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Optimizing The Look Of E-mail Marketing

_This is the last of our *5 Days To Optimize Your E-mail Messages*. You can catch up with “part one”:, “part two”:, “part three”:, and “part four”:­_
When I set out writing an initial post about optimizing the look of email I didn’t want to make this about creative and design. My focus was based more on testing and the technical aspects of how marketing email looks when viewed by recipients.
To wrap up this series here is a list of my personal recommendations and tips to optimize the look of your e-mail marketing messages:

*Test, test, test* – Email marketing allows for simple, quick and cost-effective testing. Make sure testing is part of your strategy. Test a lot in the beginning. Make sure you know – and see – what your email looks like to different people. Test different things. When you think you have it all “perfect” keep testing on a regular basis. Just like spam filters change daily (I hear Hotmail tweaks their systems every single day) there are new versions of software and hardware that may affect what’s going on. Also test different “optimizations” of your email just like you would test different offer copy. What works best for click-throughs and conversions?
*Write your own manual* – Build your own “best practices” guide to what works for your organization and your marketing objectives. Share this with everyone that is involved in your email marketing, from the strategists through to the designers and those people that actually build and deploy your email. Once you have started optimizing your email programs for different email clients, the preview panes and portable devices, make sure everyone involved in your email marketing is aware of the “best practices” that work for you. Ensure these are known by the designers, programmers and everyone else that works on the look and deployment of your e-mail campaigns.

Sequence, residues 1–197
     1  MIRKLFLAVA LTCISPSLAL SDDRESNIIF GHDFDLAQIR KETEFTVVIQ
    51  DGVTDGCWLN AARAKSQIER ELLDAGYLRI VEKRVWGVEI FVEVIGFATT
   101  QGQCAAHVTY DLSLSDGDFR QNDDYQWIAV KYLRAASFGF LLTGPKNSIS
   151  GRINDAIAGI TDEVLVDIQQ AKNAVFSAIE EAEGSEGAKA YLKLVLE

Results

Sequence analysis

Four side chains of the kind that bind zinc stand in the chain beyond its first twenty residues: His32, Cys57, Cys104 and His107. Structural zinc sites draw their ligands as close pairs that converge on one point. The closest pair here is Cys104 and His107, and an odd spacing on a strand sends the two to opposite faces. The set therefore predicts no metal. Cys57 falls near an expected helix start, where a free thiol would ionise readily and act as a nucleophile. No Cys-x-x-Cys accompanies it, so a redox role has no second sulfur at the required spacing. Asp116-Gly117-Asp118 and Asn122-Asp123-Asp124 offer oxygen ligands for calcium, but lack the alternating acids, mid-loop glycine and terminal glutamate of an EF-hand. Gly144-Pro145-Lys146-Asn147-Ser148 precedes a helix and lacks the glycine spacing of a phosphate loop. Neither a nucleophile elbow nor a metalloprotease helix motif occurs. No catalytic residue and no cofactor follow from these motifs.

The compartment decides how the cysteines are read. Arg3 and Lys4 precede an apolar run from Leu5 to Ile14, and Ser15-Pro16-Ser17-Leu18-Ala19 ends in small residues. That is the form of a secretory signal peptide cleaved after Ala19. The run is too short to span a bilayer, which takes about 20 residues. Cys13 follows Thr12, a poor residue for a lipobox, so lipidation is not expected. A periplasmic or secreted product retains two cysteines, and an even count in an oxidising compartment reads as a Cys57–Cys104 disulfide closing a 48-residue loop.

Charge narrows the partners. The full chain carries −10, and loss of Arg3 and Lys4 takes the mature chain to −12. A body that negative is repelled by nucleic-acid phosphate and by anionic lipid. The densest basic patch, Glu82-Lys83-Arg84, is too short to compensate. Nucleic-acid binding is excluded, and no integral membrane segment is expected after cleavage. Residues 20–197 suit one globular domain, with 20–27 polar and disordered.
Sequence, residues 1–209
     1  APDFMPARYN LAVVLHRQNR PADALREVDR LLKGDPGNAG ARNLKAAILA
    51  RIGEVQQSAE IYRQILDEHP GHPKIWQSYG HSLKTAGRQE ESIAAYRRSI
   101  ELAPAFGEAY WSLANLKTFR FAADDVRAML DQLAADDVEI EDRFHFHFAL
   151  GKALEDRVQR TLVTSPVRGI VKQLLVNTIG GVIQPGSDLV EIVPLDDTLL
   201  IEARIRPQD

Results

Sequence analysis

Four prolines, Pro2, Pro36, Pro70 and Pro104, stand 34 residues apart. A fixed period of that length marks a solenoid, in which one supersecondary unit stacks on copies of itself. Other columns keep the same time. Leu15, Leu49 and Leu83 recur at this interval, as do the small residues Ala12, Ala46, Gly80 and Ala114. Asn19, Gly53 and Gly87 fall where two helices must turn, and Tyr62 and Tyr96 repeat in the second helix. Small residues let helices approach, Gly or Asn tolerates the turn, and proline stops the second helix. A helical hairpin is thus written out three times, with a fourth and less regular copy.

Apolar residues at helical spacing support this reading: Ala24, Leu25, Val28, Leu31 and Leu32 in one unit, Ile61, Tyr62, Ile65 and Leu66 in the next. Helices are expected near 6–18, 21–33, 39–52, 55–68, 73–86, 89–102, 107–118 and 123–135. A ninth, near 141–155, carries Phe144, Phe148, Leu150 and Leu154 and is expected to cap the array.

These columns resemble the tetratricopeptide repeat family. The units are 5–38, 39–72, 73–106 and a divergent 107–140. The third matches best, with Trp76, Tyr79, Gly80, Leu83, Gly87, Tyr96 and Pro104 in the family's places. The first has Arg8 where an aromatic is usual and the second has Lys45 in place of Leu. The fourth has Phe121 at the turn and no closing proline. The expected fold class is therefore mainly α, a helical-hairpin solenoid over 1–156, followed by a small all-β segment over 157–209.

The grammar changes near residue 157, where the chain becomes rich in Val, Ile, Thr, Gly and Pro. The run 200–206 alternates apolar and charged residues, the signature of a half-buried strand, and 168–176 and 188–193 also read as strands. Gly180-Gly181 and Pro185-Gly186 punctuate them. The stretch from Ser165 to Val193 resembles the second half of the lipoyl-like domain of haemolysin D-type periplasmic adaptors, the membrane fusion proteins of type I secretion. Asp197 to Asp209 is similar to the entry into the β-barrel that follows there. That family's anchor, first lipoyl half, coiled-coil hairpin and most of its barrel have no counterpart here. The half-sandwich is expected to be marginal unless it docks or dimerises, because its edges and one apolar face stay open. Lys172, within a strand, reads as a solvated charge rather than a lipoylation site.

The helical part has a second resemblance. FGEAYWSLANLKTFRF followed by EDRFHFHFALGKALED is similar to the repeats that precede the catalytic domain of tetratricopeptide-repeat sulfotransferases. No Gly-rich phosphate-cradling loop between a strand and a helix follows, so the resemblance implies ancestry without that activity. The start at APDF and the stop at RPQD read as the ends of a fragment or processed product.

*Pick an email partner that is based on “best practices”* – Whether you deploy your marketing email on your own in-house software, use an on-demand ASP solution, or an agency, make sure your partner understands what email marketing best practices are and that they will adhere to them. A good partner will be able to educate you and work with you to understand what the issues are, helping you test and develop your own best practices “handbook”.
*Optimize the text versions of all your email* – We used to ask if someone wanted text or HTML email. With multi-part email that became less of an issue and many people would optimize the HTML versions and let their email platform automatically “create” a text version for those not able to receive HTML. But this is not optimization. Review what each email looks like in text and edit it so it becomes an effective part of your campaigns, not something that drags down click-through and response rates.
*Be “above the fold”* – Whether your email is opened in a full screen, in a reduced window, in a preview pane or on a portable device, make sure the recipient can decipher who your email is from, what it is about and even why they should read it. Don’t let a valuable recipient delete your relevant email because it was all code or URLs.
*Consider using third-party tools or companies for testing* – Just like measuring deliverability to the inbox is best done using a third-party solution, testing how your email looks in 15 or more clients may also be best done using an external solution.
*Ask for preferences* – Optimize your email programs by understanding where and how recipients read your email. Consider letting them request “text only” email, especially if they tend to read your messages on portable devices or using clients that are non-graphical or that block graphics.
One last tip:
*Keep testing.* I know I’m repeating part of my first tip but it is so important to make this type of testing a regular part of your email marketing strategy. In this industry things change often and quickly. That means best practice also changes.
Optimizing how your marketing email looks to recipients can make a big difference in the success (or failure) of your campaigns. A small amount of upfront work and testing can generate a lot of ROI and can be a competitive difference as you fight to cut through the clutter of the inbox.
Please “let me know”: about any issues or tips you can share.

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